Rupee Strength Cuts India Dependence on World by Most Since 1991

  • Real effective exchange rate strengthened 6% since April
  • “We are losing our competitive edge,” export group says

A customer holds an Indian one-hundred rupee banknote in a vegetable market in Mumbai, India.

Photographer: Dhiraj Singh/Bloomberg

The dependence of India’s economy on the rest of the world fell by the most since 1991 this year. Blame the rupee.

QuickTake India’s Aspirations

The currency gained more than 6 percent since April against a basket of its trade partners’ currencies measured by the real effective exchange rate, making it harder for companies to sell goods overseas as China’s slowdown damps demand. Trade openness, or the proportion of such flows to gross domestic product, has fallen the most in 24 years, posing a challenge for Prime Minister Narendra Modi’s plan to double exports to $900 billion by year 2020.

“We are losing our competitive edge to others,” said Ajay Sahai, chief executive officer at the Federation of Indian Export Organisations in New Delhi, which says it has more than 14,000 members. “Currencies in our competitor countries have depreciated at a much sharper rate than the rupee.”

India’s overseas sales have fallen for 12 straight months, dragged down by oil prices and weak demand in developed economies. The drop in exports, which came even after a free-trade agreement with Southeast Asian countries, indicates the role of currency competitiveness and could be a concern as the yuan weakens, the Reserve Bank of India said in its Financial Stability Report published Dec. 23. It also noted risks from the Trans-Pacific Partnership, a 12-member free-trade grouping that doesn’t include India.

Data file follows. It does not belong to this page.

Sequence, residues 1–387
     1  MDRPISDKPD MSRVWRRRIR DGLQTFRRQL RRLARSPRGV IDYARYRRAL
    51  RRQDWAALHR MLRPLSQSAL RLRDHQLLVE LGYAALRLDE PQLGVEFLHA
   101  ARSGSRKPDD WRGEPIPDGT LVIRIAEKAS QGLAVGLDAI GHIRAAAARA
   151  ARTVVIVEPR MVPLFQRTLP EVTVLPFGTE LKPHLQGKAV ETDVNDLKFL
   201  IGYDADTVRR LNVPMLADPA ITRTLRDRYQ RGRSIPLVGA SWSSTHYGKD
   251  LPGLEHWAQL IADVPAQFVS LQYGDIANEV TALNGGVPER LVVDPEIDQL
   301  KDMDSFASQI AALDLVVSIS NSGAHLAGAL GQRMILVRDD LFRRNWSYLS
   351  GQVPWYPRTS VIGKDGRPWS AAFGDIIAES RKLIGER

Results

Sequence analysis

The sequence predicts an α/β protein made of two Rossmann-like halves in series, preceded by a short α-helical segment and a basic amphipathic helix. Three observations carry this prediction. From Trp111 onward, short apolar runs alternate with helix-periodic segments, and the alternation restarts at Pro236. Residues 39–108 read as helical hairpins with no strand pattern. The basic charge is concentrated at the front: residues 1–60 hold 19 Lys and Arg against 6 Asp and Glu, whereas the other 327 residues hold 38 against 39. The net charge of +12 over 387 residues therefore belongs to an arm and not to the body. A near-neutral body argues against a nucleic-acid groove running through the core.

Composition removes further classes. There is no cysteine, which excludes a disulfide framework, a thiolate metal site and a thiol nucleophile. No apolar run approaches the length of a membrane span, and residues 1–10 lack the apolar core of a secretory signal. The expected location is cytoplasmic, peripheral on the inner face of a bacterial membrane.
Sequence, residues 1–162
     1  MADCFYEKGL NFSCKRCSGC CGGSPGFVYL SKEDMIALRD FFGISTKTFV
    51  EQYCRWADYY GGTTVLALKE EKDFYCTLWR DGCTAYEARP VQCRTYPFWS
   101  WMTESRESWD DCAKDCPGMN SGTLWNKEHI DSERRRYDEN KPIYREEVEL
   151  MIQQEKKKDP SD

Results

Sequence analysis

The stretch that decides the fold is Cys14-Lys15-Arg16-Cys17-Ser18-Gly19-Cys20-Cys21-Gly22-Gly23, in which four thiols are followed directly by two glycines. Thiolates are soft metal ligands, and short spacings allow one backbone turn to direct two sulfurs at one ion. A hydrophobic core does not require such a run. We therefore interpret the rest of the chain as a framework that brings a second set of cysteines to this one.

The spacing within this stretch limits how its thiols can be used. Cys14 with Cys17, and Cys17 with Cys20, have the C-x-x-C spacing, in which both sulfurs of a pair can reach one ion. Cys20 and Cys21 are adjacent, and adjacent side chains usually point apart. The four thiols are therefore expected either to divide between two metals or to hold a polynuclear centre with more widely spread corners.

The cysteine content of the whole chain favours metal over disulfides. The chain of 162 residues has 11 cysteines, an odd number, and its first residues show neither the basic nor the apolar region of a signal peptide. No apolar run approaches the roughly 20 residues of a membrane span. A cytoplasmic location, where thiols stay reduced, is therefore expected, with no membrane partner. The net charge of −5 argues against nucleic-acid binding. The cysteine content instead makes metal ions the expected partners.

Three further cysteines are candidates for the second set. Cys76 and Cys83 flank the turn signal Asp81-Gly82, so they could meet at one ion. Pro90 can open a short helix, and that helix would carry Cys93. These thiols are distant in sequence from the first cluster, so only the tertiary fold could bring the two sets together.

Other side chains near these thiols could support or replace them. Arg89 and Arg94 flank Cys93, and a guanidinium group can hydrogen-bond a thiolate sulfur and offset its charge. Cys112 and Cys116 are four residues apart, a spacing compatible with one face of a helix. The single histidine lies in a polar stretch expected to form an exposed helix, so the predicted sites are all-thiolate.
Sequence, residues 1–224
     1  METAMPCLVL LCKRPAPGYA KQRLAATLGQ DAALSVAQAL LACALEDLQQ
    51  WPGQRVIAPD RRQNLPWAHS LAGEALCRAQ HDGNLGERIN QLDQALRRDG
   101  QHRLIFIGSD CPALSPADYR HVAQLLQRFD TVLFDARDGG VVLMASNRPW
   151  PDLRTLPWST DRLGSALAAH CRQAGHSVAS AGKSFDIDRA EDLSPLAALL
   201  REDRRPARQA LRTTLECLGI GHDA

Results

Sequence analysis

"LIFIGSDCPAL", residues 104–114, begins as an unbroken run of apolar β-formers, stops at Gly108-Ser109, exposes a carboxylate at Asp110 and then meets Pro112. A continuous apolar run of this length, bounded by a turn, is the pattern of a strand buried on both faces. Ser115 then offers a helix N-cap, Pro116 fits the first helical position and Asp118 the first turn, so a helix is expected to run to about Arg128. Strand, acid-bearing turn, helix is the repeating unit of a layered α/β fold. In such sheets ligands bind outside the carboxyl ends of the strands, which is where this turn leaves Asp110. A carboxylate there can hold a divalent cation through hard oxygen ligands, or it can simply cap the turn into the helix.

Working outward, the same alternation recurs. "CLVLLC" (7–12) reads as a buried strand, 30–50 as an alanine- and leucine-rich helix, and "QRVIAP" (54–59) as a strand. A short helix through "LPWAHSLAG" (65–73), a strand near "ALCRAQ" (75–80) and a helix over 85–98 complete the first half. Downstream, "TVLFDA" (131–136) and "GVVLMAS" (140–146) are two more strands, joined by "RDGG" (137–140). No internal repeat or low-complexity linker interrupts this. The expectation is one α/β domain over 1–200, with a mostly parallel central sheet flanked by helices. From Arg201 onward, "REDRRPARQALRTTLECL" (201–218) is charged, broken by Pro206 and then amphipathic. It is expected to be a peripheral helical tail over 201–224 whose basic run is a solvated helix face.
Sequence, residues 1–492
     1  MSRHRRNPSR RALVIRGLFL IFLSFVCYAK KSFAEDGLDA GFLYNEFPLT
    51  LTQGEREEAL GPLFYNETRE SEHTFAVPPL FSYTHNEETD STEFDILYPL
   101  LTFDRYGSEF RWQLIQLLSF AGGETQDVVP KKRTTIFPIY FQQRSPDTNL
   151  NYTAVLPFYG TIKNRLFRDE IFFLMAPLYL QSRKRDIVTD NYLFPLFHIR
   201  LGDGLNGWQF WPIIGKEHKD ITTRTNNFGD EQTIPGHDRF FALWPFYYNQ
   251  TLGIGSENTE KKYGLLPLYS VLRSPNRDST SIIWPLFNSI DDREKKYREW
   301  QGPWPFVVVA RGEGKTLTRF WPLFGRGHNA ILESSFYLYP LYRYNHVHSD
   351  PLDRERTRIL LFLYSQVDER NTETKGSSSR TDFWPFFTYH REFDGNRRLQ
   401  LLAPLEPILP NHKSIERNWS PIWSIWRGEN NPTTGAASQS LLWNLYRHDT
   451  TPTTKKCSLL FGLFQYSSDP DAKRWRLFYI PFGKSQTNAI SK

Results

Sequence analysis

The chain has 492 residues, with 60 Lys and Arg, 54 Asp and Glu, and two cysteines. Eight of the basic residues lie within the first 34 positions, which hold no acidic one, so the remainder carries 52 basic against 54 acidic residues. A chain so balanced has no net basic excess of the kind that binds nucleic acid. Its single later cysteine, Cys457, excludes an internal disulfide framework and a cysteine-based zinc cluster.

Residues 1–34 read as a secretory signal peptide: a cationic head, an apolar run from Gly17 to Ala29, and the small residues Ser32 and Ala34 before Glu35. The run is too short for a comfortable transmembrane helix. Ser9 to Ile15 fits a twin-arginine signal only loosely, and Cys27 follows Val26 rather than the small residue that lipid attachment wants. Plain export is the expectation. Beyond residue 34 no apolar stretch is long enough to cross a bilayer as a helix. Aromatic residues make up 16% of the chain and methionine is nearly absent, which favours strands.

"With around two-fifths of world output and a quarter of global trade, TPP is expected to be a game-changer," analysts at Crisil Ltd., a local unit of Standard & Poor’s, wrote in a report this month. "This is not good news for India." They recommended India lower its trade barriers and quickly agree bilateral trade deals with TPP members such as Australia and Canada.

While the rupee depreciated 4.2 percent in the year through March 2015 against the U.S. dollar, its 36-currency, inflation-adjusted real effective exchange rate appreciated 5.4 percent. This fiscal year, the sharper depreciation in currencies of other exporting nations was exacerbated when China devalued its yuan in August. While the rupee has held steady against the greenback, the yuan dropped 2 percent and the euro lost 3 percent.

Overvaluation in the rupee’s consumer price-index-based real effective exchange rate has risen past 24 percent, Ashish Kumar, an analyst at Elara Securities India Pvt. estimated in a Dec. 17 report. The currency will continue to outperform other emerging-markets, he added.

The central bank capped gains by intervening in currency markets and adding to foreign-exchange reserves. Holdings touched a record $332 billion in August but have since slipped slightly as policy makers in the net oil importing nation can’t afford to let the rupee weaken too far.

The authority will now shift focus to debt inflows and underhedged corporate borrowings as possible risks, according to HSBC Holdings Plc. India is vulnerable as these flows could easily reverse at times of economic stress.

India’s balance of payments swung to a deficit in July-September as foreigners sold $500 million more of Indian debt than they bought, according to RBI data published Dec. 22. Foreign-currency loan repayments rose almost fourfold from the previous quarter and trade credits increased with imports even as exports slid.

The RBI could become more tolerant of mild currency volatility to discourage companies from leaving their overseas exposures unhedged, HSBC predicts. The central bank has also allowed corporates to issue rupee-denominated bonds abroad.

“Trade competitiveness is a concern, which was behind the RBI’s decision to build foreign-exchange reserves over past two years and prevent excessive rupee appreciation,” said Ju Wang, senior Asian foreign-exchange analyst at HSBC in Hong Kong. “Now it may shift focus to trying to encourage corporates to borrow in rupees and reduce currency mismatches.”

Before it's here, it's on the Bloomberg Terminal.